Chemours wants to be a good neighbor – so, they said.

The parking lot was lined with police cars, and upon entrance, I was asked to walk through what appeared to be a mobile metal detector, and then my bag was rifled through by an officer. Men were patted down. The public had not heard a word from Chemours in the year since news broke of the nearly 40-years of chemical dumping from their Fayetteville facility into the Cape Fear Region’s air and drinking water supply – and at their first public appearance, the company set a tone of mistrust at the outset – ironically enough, their mistrust of the public, instead of the other way around.

Chemours’ newly appointed plant manager, Brian Long broke the company’s silence last month and told reporters of the “town hall” meeting he would convene in St. Pauls, near the Chemours plant, insisting that “Chemours wants to be a good neighbor; Chemours intends to be a good neighbor.” 

But, the company only magnified the already cagey atmosphere by prohibiting broadcast media from filming during the event, claiming that the church forbade video recording inside the building. When a parishioner of the church corrected this falsehood by sharing that the church livestreams their services, Long simply did not respond and moved on with the program –a forewarning to the 200 residents in attendance that this event may not provide them the answers they came seeking.

Many in the crowd have been ‘regulars’ at the NC Department of Environmental Quality (DEQ) information meetings on this issue – events where, after being provided the latest information available, attendees are welcomed up to a microphone to ask questions and discuss concerns with DEQ and Department of Health and Human Services representatives.  We were not afforded this respect by Chemours.

Instead, Chemours’ neighbors were required to write questions on a notecard and submit to a moderator who was clearly oblivious of the entire issue, but still attempted to summarize groups of questions into one, seemingly intent on hustling through this performance.  Fumbling on the pronunciation of words that local folks have become all-too familiar with, he oftentimes misrepresented the questions that were posed – denying residents their voice. Several in attendance stated that their question was either not asked, or incorrectly asked. Long and the others from Chemours didn’t seem to be concerned about that.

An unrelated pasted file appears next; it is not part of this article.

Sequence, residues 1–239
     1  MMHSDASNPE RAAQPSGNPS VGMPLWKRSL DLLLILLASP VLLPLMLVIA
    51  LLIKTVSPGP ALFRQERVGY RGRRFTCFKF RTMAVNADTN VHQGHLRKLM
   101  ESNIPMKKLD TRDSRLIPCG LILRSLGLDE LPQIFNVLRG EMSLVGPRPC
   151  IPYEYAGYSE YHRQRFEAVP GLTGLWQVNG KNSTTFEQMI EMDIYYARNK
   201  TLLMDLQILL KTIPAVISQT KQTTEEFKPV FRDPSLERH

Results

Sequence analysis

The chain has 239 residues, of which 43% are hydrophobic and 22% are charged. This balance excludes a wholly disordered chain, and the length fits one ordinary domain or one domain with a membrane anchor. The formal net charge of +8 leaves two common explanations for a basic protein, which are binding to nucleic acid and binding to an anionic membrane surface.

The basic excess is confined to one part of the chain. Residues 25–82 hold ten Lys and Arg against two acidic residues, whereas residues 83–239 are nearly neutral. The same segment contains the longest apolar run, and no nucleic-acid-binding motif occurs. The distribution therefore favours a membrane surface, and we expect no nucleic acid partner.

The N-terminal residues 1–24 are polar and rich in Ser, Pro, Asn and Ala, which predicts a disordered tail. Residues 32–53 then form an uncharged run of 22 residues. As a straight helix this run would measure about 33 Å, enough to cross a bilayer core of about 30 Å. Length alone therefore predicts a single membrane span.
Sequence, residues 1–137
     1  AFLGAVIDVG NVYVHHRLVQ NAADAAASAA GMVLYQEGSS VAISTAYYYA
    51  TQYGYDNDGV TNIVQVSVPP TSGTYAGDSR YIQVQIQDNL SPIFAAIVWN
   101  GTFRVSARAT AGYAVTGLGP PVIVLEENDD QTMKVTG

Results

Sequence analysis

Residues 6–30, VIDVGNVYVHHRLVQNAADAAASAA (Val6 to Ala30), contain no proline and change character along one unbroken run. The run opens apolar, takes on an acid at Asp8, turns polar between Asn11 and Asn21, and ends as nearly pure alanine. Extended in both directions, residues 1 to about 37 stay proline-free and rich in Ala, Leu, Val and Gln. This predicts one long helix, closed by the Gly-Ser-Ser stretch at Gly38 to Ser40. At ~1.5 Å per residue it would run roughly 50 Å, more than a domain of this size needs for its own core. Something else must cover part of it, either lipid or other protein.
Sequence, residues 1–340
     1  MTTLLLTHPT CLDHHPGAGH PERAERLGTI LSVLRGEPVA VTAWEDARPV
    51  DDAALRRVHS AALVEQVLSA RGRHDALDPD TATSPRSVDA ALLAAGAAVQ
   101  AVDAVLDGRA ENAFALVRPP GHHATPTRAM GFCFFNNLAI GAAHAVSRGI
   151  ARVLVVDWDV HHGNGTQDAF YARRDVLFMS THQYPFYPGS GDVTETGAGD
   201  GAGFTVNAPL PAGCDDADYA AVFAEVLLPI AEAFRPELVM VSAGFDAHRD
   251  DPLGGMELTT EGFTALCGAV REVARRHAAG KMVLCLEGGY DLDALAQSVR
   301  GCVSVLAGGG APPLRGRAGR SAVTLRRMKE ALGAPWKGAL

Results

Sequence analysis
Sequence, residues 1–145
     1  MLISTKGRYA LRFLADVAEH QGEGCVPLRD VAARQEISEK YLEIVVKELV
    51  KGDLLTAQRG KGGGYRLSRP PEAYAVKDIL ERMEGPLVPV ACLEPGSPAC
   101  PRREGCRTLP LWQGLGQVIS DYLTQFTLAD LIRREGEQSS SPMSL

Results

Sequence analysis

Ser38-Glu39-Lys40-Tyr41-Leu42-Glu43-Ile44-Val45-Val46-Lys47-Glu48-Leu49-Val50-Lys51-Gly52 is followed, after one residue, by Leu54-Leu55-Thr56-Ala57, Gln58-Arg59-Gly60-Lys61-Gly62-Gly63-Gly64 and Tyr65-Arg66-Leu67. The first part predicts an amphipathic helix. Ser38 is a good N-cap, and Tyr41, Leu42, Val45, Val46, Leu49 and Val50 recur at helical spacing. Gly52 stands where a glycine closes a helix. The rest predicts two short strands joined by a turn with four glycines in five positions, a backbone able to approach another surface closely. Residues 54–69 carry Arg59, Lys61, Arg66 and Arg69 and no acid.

Long and Chemours’ Chief Toxicologist Gary Jepson did most of the talking, and it was clear, they came prepared with a set of approved talking points that they repeated ad nauseum throughout the evening. 

Long repeatedly touted the fact that the company was planning to spend $100 million on state-of-the-art technology to remove the chemicals from emission and discharge points by 2020. Yet Jepson said the data on GenX is “robust” and the company is “confident” that GenX does not pose a health risk.

The paradox of this was not lost on the crowd. When asked why they would spend so much money on something they believe poses no risk, Long responded with his favorite talking point – one he used at least a dozen times throughout the evening: “It’s the right thing to do.”

The questions I submitted – both of which I had to repeat and clarify after the moderator’s inaccurate summation of them – were essentially left unanswered: 1) “Why didn’t Chemours, which just made the Fortune 500 list for the second year in a row, purchase the necessary equipment to test their discharge and air emissions for possible toxins before they released them into our environment and drinking water supplies?” and 2) “What was your intention behind sending a letter to DEQ requesting they allow for an increase of the DHHS provisional health goal of 140 ppt to 70,000 ppt?”

Both were met with deflection and defensiveness.  Long responded to the first question with one line: “I think we are testing.” Jepson, in his defense of the second question, never seemed to consider that the provisional health goal is only for one of the 30-plus slew of per-and poly-fluorinated compounds that have been detected (so far) in our drinking water supplies. The 140 ppt health goal for GenX ignores the likelihood that Nafion byproduct 2 – which was found at much higher concentrations than GenX – is even more toxic than the GenX predecessor, C8 – the compound directly linked to cancers and kidney and liver diseases and that brought about the $670 million DuPont/Chemours settlement in the Ohio River Valley last year.

We showed up to the Chemours town hall hoping to finally – after more than a year – have our voices heard by this company and to get some answers about what to do about dwindling property values and health and environmental concerns.  Instead we were met with disingenuous answers, deflection, and suspicion from company executives.

Perhaps most telling was their most discomforting evasion: they would not commit to a request that they hold a community meeting in the Wilmington area for folks who could not make the two-hour drive to St. Pauls. If they do, I hope they’ve learned from this experience. We expect answers, and we are paying attention.

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